Fibbers' forecasts are worthless. Case after miserable case after bloody case we went through, I tell you, all of which had this moral. Not only that people who want a project will tend to make innacurate projections about the possible outcomes of that project, but about the futility of attempts to "shade" downward a fundamentally dishonest set of predictions. If you have doubts about the integrity of a forecaster, you can't use their forecasts at all. Not even as a "starting point". By the way, I would just love to get hold of a few of the quantitative numbers from documents prepared to support the war and give them a quick run through Benford's Law.

Application to Iraq This was how I decided that it was worth staking a bit of credibility on the strong claim that absolutely no material WMD capacity would be found, rather than "some" or "some but not enough to justify a war" or even "some derisory but not immaterial capacity, like a few mobile biological weapons labs". My reasoning was that Powell, Bush, Straw, etc, were clearly making false claims and therefore ought to be discounted completely, and that there were actually very few people who knew a bit about Iraq but were not fatally compromised in this manner who were making the WMD claim. Meanwhile, there were people like Scott Ritter and Andrew Wilkie who, whatever other faults they might or might not have had, did not appear to have told any provable lies on this subject and were therefore not compromised.

Indeed Hogan. That is a masterpiece, a true classic of the medium. I've re-read it several times over the years.

If I wanted to commit a chemical attack on the US, I'd get hold of the timetables of freight trains through Washington looking for one transporting chlorine or something similar. I'd get in contact with grafitti sprayers (disguised as a reporter*) to find the best ways to get near those trains when they go slow or regularly stop at signals.
A few determined men could easily use that info to set free a lot of 'WMD' close to inhabited areas. I read estimates that a single tank car of chlorine set free by accident or attack in that area would result in 10000 casualties within half an hour (only a minority would die though). The psychological effect would be huge and the costs for the perpetrators minimal.
Btw, if terrorists got hold of plutonium not yet in bomb shape, it would be far more effective to use it as a poison instead of trying to construct a working bomb. A few gram in soluble form in the water supply combined with a warning to the public should do the trick. A bit of plutonium dust here and there should also suffice to cause chaos.

*this has been done by real reporters

I said that people who were historically dovish and were dovish on the invasion were discounted because of past positions and presumed bias. What this means is that their views were not analyzed substantively, but rather pretty much on the basis of who they were and their generally known positions. In much the same way you treat with people who are known quantities on the conservative side.

I've asked this repeatedly, but even if I were to assume your premise (Everyone who opposed the war was biased against war, therefore their objections could be ignored), if you dismiss people arguing against the war because of their bias, why would you not ALSO dismiss the people arguing for the war, who had been arguing for that same exact war for at least a decade beforehand, who are biased exactly the same way, but the opposite direction?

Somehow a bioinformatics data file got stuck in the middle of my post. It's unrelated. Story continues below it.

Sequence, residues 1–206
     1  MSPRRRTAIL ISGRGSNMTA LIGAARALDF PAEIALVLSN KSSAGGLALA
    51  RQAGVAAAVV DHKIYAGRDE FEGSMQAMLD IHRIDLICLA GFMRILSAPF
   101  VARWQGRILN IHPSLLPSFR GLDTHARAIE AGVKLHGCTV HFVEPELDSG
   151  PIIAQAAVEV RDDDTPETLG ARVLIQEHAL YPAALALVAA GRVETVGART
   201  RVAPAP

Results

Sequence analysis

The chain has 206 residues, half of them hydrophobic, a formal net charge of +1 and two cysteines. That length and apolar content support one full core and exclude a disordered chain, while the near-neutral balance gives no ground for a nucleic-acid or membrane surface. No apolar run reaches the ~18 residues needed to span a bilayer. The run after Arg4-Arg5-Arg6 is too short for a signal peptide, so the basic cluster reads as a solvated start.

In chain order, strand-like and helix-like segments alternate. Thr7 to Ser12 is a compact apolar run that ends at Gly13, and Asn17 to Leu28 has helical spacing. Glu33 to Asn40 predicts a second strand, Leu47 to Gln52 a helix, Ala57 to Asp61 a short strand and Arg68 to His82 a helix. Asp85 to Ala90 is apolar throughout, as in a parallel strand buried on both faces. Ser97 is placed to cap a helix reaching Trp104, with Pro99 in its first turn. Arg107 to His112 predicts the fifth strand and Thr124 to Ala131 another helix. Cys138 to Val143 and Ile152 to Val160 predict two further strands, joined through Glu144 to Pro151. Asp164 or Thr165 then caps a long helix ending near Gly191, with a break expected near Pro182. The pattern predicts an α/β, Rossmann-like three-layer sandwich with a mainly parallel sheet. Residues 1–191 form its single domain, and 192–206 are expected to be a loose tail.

Also, I'm not sure that any purpose is served by ignoring people whose arguments have been honed by previous debates on the same topic, it seems to me they've likely put more thought into the question and should have better arguments than somebody who just considered the question today.

Also, I would say that the evidence of what happens shows that "The Bush Administration isn't trustworthy, or competent enough to not screw this up" should have been the most compelling argument.

Also, on the subject of shortcuts for judging plans, from 2006, I give you the Jedi Principle, from Lawyers, Guns, and Money, which is "If you need the Jedi in order to make your project work, don’t start." Which could apply equally well to the idea of invading, occupying, and rebuilding a foreign country with an army that doesn't speak the languages and where neither side trusts each other for pre-existing reasons.

f you agreed, at the time, that the existence of WMD's constituted a justification for the war, then you were for it.

First, what if someone thought "WMD" (in reality, nukes) would be a justification for the war, but also thought that Saddam didn't have them, as the evidence available before the war showed (including the Bush admin's removal of weapons inspectors when they couldn't find the WMD that weren't there)?

While not irrefutable, little in intelligence work is, the evidence for the likelihood of WMD's was enough to make it the Presidents call.

No, no it wasn't. The weapons inspectors didn't find anything, any of the places we told them to look. The "Nigerian Yellowcake" was an outright lie, and the Bush administration burned a CIA anti-proliferation operation to get revenge on the wife of the guy who showed it was in the NYT. (Which, again, shows they weren't serious about caring about nuclear weapons AT ALL) Not to mention the conflation of the very label WMD to cover nuclear weapons, which the administration used as a scare tactic over and over and over (There's plenty of clips of everybody in the admin talking about "mushroom clouds", from the President on down) with chemical and biological weapons, and then expecting to find some outdated chemical and biological weapons after the invasion.